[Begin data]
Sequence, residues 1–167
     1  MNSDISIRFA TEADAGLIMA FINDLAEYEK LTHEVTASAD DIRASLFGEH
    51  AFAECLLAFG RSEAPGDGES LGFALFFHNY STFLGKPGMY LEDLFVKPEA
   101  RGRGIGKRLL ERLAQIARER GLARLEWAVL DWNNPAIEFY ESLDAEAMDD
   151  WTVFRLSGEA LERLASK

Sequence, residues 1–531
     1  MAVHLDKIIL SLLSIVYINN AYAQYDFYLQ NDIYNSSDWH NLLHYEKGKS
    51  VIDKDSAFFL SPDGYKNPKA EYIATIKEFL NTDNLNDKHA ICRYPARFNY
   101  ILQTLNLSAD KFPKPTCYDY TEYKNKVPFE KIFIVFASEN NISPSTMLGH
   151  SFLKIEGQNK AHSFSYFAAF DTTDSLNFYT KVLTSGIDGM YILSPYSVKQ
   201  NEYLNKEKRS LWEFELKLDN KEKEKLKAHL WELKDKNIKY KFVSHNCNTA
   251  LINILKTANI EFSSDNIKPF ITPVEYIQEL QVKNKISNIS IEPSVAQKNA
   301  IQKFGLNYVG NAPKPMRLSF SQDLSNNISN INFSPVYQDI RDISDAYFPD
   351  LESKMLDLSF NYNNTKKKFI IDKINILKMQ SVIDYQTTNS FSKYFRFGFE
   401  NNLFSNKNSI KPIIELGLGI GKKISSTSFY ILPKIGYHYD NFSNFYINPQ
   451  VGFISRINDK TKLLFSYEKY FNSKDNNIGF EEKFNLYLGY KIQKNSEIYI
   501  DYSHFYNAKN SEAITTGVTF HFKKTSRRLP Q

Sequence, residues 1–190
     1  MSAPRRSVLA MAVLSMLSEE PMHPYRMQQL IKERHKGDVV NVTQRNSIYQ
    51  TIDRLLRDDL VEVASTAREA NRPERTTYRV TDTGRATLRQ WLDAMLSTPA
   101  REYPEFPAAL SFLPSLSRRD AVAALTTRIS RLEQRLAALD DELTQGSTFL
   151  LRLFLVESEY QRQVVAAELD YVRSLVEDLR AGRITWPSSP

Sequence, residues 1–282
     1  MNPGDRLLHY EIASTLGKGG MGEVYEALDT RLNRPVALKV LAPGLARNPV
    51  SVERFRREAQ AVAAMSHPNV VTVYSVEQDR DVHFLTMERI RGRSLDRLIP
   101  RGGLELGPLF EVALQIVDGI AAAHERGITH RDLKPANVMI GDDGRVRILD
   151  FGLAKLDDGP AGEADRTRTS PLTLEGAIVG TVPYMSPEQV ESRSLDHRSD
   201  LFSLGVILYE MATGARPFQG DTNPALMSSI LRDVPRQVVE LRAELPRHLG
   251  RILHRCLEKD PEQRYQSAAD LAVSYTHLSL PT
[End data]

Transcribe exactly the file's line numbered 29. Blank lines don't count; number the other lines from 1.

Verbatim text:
   251  RILHRCLEKD PEQRYQSAAD LAVSYTHLSL PT